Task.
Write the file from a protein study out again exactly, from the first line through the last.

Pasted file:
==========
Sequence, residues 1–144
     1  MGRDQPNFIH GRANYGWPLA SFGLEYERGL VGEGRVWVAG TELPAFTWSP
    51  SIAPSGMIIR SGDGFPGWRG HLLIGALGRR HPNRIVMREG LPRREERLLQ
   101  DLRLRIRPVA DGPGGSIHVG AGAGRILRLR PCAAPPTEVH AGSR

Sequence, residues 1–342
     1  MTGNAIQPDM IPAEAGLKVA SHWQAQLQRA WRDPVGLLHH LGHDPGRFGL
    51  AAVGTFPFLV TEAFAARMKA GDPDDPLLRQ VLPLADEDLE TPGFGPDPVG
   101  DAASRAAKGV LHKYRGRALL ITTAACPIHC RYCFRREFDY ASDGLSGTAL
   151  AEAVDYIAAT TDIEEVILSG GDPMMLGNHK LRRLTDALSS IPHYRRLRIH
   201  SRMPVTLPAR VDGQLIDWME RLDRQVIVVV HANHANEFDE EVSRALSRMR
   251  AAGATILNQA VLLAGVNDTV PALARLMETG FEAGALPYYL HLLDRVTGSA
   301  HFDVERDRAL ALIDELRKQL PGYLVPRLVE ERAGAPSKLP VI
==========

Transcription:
Sequence, residues 1–144
     1  MGRDQPNFIH GRANYGWPLA SFGLEYERGL VGEGRVWVAG TELPAFTWSP
    51  SIAPSGMIIR SGDGFPGWRG HLLIGALGRR HPNRIVMREG LPRREERLLQ
   101  DLRLRIRPVA DGPGGSIHVG AGAGRILRLR PCAAPPTEVH AGSR

Sequence, residues 1–342
     1  MTGNAIQPDM IPAEAGLKVA SHWQAQLQRA WRDPVGLLHH LGHDPGRFGL
    51  AAVGTFPFLV TEAFAARMKA GDPDDPLLRQ VLPLADEDLE TPGFGPDPVG
   101  DAASRAAKGV LHKYRGRALL ITTAACPIHC RYCFRREFDY ASDGLSGTAL
   151  AEAVDYIAAT TDIEEVILSG GDPMMLGNHK LRRLTDALSS IPHYRRLRIH
   201  SRMPVTLPAR VDGQLIDWME RLDRQVIVVV HANHANEFDE EVSRALSRMR
   251  AAGATILNQA VLLAGVNDTV PALARLMETG FEAGALPYYL HLLDRVTGSA
   301  HFDVERDRAL ALIDELRKQL PGYLVPRLVE ERAGAPSKLP VI